Hope still walks with the hurting

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By Dave Henning / September 14, 2020

As a preschooler, I spent most of my time ‘reading’ books and playing my classical record collection.

“Joy still comes in the morning/ Hope still walks with the hurting/ If you’re still alive and breathing/ Praise the Lord/ Don’t stop dancing and dreaming/ There’s still Good News worth repeating/ So lift your head and keep singing/ Praise the Lord.”- Matt Maher, Alive & Breathing

“I remain confident of this: I will see the goodness of the LORD in the land of the living.  Wait for the LORD; be strong and take heart and wait for the LORD.”- Psalm 27:13-14 (NIV)

Until the age of six, I lived without the distraction of  a TV.  Therefore, I entertained myself through reading books, playing my classical and march records, and cuddling my favorite teddy bear.  And that sparked a lifelong thirst for knowledge and a 50+ year ministry as a church organist.

Furthermore, as an educator I constantly researched books on the latest teaching techniques, seeking to provide optimized student learning.  But then my downsizing brought over twenty years of elementary teaching to a crashing halt.  Yet, as I discovered a few years later, hope still walks with the hurting.  Today, for example, the Annotated Bibliography on my Crown of Compassion website contains summaries of 109 books.  These books serve as the source for the Short Meditations and daily blogs I write.

In the first verse of Alive & Breathing,  Matt Maher exhorts: “What holds your heart/ What stirs your soul/ What matters come to mind/ The cares you keep/ The thoughts you think/ It’s  not all wasted time/ Seek and you will find.”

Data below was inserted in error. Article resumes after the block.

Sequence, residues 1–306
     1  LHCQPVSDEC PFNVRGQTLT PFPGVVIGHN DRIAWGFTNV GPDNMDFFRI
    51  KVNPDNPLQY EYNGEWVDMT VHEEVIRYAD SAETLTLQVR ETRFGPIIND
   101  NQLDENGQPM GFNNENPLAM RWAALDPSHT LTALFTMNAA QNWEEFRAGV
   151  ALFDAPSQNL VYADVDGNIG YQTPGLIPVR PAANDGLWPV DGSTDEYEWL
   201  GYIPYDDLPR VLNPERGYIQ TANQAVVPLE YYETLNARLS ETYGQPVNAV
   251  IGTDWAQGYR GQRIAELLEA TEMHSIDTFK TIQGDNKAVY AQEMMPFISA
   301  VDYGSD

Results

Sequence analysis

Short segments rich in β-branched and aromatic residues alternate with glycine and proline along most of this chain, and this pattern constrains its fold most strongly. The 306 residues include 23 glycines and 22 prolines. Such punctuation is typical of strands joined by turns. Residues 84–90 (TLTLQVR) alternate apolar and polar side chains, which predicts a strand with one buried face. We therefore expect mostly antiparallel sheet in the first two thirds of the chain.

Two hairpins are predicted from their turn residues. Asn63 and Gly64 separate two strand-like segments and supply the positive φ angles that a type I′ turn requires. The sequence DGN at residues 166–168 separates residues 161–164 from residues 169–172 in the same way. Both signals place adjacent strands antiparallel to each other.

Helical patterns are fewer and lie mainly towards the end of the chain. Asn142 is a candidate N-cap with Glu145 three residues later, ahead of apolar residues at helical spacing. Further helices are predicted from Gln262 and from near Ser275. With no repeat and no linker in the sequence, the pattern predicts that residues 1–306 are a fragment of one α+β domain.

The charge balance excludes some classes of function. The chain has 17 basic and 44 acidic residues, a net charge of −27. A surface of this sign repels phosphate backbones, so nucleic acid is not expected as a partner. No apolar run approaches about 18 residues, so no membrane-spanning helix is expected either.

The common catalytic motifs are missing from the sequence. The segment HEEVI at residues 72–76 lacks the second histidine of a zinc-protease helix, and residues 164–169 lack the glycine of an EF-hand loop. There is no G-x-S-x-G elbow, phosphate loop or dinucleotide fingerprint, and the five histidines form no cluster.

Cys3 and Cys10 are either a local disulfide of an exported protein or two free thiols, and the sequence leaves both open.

However, what happens when you find yourself in a bad place and there’s no option of making radical change?  Above all, you see no way to use your blue flame.  Writing in Your Blue Flame, Jennifer Fulwiler defines blue flame with a Christian worldview: It is something you do, and were destined to do, that fills you with energy and adds love to the world.”

Yet, Jennifer asserts, even in the most dire circumstances, there’s always a way to ignite your blue flame.  Even if it’s only a tiny spark.  During World War II, Father Walter Ciszek decided to joyfully share the gospel with the Russians.  Thinking Father Ciszek spied for the Vatican, the Russians arrested him. As a result, he spent the next five years in solitary confinement.  Then, he spent almost a decade in a Siberian slave labor camp.

Most significantly, during this seemingly endless time, Father Ciszek devoted himself to prayer.  And, Jennifer notes, amid the degrading, punishing work of laying railroad track in the middle of the Russian tundra, he ignited a tiny ember of blue flame.  Because he saw his work as love and service of others.  Other prisoners noticed that hope still walks with the hurting.  Hence, blue flames give you both the energy to persevere and spread warmth to everyone around you.

As often happens, the effects of a blue flame reach far beyond your imagination.  In conclusion, Jennifer offers these words of encouragement:

“When you ignite a blue flame, even under circumstances in which it seems impossible, you never know where it will take you.  But one thing that will definitely happen is that you will end up blessing other people.  Even if you don’t see it at the time, you will have added a little more love to the world than there was before.  Also, you will find that a new presence comes into your life: hope.  Love and hope walk hand in hand. . . . and even a small bit of hope can make all the difference.”

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Dave Henning

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